You can learn a lot by running QuickGamma, below, and observing the interaction between its gamma adjustment and the black level adjustment on your monitor. There may be little you can do to make this pattern look good on laptop LCD monitors, but modern high-quality flat screen monitors should be fine.

I recommend that you check this pattern whenever you adjust or calibrate your monitor. You might want to download it and display it in your image editor-- it's a quick way to diagnose problems.

The popular GretagMacbeth ColorChecker can also be used as a check of monitor calibration. The simulated image on the left has an embedded sRGB color space-- the Windows/Internet standard, with gamma = 2.2. The patch values were calculated by Bruce Lindbloom.

For Macintosh users
I'm not a Mac expert, but I've heard that the recommended gamma setting has changed from 1.8 (in the old days) to 2.2. These changes are mentioned in LCD Display Calibration by Ian Lyons. The following paragraphs were contributed by Julian Vrieslander. I'm not sure if they're up to date.
If your web browser is Internet Explorer for Macintosh, version 5.0 or later, you should disable ColorSync color management before using the chart. This option is found in the Preferences settings: Preferences > Web Content > Use ColorSync. If the box is checked, clear it and reload the page. Colorsync can't be disabled in the Safari (OS X) web brower.
With "Use ColorSync " on, the chart indicated gamma = 2.2 on a system calibrated for gamma = 1.8 with a Colorvision Monitor Spyder and OptiCAL 3.5 software. With " Use ColorSync" off, the correct gamma (1.8) is displayed. For Netscape Communicator 4.7.7 for Classic Mac OS, which doesn't have a color management option, the chart shows gamma = 1.8.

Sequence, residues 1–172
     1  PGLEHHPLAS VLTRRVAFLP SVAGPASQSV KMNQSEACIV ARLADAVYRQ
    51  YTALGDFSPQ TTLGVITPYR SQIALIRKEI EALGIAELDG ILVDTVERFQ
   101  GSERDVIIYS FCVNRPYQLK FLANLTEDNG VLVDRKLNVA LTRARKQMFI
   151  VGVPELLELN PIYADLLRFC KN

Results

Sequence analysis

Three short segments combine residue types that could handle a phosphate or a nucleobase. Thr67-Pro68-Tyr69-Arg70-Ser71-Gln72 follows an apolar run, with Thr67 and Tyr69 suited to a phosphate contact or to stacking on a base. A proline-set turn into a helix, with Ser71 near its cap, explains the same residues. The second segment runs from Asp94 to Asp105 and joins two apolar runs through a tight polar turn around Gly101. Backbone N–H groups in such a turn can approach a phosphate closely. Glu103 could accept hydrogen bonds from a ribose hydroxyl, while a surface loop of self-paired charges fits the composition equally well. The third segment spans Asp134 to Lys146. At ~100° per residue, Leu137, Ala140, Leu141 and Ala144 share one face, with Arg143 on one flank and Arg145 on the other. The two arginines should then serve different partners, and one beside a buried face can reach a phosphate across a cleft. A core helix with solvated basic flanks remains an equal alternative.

Setting gamma

To calibrate your monitor, i.e., to adjust gamma with any of the following techniques, your video card should have a Lookup Table (LUT). Most recent video cards have one. QuickGamma displays a pop-up message if no LUT is found. If your video card doesn't have one, it's ancient; replace it with a new one. It doesn't have to be expensive or fast. 8 MB is the minimum video memory. 16 MB is faster for switching between screens. Most cards have more.

There are two basic approaches to adjusting gamma: the Visual approach, which uses a special pattern, and the Calibrator approach, which uses a colorimeter or "SpyderTM." The ColorVision Spyder is shown on the right. The two approaches are compared in the table below.

Colorvision Spyder calibrator
Approach Visual Calibrator
Advantages It's free! And it can do a good job of calibrating most monitors. Extremely accurate. Produces monitor profiles for use with color-managed workflows.
Programs QuickGamma (below): an excellent little utility. Recommended.
Adobe Gamma: included with Photoshop.
Monica: a nice Linux utility.
Video card software:
doesn't require the installation of a new program, but can be inconvenient.
Calibrators are designed to work accompanying calibration software. Examples:
ColorVision (PhotoCAL, OptiCAL)
GretagMacbeth Eye-One Display
Some of these programs can perform an optional Visual calibration if a calibrator is unavailable.